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9. Do I need an air line lubricator for these pumps?

No, never use air line lubrication.

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10. I hear a lot about Geolast®. What type of resistance does Geolast® have?

It is similar to that of Buna-N (Nitrile).

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11. My polypropylene pump is installed outside and has started cracking. What is the problem?

Polypropylene is not resistant to UV rays. Also, polypropylene is limited to use in temperatures over 32°F. For this type of application it is best to use a PVDF model, a metal model or shroud and insulate your polypropylene model.

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12. Can I operate the pumps at pressures higher than the maximum pressure ratings?

No.  The pumps will start leaking, diaphragms may bulge and inner plates may bend.

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13. How should I regulate the flow of a diaphragm pump?

You can regulate the flow of a diaphragm pump three ways. Reduce or increase the air pressure, making sure that you are within the operating limits of the pump. You can increase or decrease the amount of air volume going to the pump via a valve on the air line and finally, a valve on the fluid discharge may be opened or closed. NEVER restrict fluid suction lines!

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14. Can I submerge the pump?

Yes, if the fluid is compatible with the pump housing and fasteners and if you pipe the exhaust above the level of the fluid.

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15. Is there some way that I can extend the life of my diaphragms, balls and valve seats?

Remove sharp particles from the fluid. If the fluid is abrasive, slow the pumping speed or go to a larger pump. Do not over pressurize. In general, the slower the pump operates the longer life you will have with all moving components.

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16. The pump was working just fine, but it has slowed down and I’m not getting the needed capacity. What can I do?

Check fluid suction lines for obstructions and also check the valve seats for debris. Make sure that the fluid has not gotten more viscous with a decrease in the temperature.

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17. How do I pump high viscosity fluids?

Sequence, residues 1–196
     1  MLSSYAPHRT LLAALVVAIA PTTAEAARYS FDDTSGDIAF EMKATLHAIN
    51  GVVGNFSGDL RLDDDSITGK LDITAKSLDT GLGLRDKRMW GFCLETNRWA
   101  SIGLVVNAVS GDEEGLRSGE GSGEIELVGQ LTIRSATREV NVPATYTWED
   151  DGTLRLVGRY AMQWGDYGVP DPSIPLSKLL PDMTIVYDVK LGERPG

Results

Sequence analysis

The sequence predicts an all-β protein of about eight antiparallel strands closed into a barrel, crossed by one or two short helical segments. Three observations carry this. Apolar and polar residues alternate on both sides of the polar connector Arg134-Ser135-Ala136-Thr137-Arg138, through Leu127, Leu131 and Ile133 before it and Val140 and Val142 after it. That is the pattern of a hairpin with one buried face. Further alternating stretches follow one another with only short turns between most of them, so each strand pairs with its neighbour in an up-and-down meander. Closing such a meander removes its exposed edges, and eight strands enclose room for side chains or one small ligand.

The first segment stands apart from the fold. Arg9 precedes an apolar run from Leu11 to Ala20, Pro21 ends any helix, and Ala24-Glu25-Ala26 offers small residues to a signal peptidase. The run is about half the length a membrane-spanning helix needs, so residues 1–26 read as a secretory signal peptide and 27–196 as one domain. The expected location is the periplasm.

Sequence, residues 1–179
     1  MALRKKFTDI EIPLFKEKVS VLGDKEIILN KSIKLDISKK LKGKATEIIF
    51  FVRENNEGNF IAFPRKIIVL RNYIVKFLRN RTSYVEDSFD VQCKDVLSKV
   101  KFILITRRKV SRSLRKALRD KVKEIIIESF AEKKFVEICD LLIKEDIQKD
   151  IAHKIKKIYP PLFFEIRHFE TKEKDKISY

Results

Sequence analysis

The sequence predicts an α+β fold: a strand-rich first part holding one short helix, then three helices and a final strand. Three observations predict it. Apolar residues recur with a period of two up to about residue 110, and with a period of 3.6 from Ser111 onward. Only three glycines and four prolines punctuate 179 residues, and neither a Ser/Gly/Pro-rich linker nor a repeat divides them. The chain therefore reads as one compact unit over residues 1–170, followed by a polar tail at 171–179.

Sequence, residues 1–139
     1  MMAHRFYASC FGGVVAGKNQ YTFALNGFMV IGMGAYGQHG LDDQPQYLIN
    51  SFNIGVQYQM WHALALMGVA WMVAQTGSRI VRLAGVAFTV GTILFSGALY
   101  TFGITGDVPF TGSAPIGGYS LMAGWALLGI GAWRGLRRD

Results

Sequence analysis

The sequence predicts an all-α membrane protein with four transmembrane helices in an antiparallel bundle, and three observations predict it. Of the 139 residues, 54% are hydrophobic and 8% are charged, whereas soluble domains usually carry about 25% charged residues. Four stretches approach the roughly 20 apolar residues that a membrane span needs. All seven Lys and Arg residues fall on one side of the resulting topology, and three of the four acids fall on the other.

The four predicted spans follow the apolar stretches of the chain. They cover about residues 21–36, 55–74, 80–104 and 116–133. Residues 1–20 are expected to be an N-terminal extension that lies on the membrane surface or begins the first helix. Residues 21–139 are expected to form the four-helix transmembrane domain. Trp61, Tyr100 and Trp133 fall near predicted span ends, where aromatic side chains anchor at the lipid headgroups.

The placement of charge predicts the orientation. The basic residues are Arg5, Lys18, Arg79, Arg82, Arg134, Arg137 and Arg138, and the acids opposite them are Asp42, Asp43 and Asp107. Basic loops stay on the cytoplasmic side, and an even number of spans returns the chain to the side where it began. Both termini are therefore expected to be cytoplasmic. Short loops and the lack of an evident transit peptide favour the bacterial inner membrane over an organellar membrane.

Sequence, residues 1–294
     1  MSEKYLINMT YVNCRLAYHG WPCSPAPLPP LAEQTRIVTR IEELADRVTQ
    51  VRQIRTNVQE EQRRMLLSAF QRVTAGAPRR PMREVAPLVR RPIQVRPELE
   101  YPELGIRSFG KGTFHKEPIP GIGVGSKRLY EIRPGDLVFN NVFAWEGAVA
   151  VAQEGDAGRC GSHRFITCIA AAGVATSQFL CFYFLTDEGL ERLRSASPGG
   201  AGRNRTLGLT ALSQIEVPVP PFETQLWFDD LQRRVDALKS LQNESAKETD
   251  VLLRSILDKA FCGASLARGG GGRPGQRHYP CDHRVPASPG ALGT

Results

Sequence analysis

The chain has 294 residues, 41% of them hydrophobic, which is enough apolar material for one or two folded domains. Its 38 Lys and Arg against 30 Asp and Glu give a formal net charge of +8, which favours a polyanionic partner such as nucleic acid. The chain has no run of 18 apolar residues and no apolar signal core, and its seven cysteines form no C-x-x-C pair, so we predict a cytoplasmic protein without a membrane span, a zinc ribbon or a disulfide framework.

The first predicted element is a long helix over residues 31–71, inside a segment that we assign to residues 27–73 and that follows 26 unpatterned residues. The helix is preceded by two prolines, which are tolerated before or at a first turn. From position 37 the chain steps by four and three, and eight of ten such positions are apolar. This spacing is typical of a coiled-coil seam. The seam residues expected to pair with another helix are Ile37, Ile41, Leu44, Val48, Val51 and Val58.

If it pours, you can pump it.
A. Use large suction lines, up to three times the size of the pump ports.
B. Position the pump as close to (or below) the level of the fluid as possible.
C. Start the fluid slowly using an air line valve. Set the air pressure and crack the valve open slowly.

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18. Do all pumps have dual manifold capability?

All 1/4”, 3/8” and 1/2” pumps can be configured at the factory for dual manifolds.
 

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19. How does high specific gravity affect my pumping application?

If the pump is flooded, fluids with high specific gravity may exceed the pump suction limitations of 10psi. If the pump is above the level of the fluid, high specific gravity will limit suction lift.

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20. Do I have to ground the pump when pumping flammable fluids?

Yes. This can be done with conductive plastic pumps via the grounding lugs. If you are not using a conductive plastic pump then ground the fluid through a metallic pipe nipple at both the suction and discharge ports. Metal pumps should also be grounded.

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21. How often should I tighten fasteners on my plastic pumps?

That depends on the application. Pressure, average hours in service, and temperature all affect the flow of plastic. Pumps need tightening if leakage should occur. Tightening should be part of any preventive maintenance program and should be based on the service duty of the pump.

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22. What if I mix several chemicals together. Can I use the individual material to chemical ratings that are listed in the chemical resistance chart to transfer this fluid mixtures?

Proceed with caution. Individual ratings may or may not be appropriate for a chemical cocktail. Again, is the fluid currently being transferred successfully using a particular set of materials?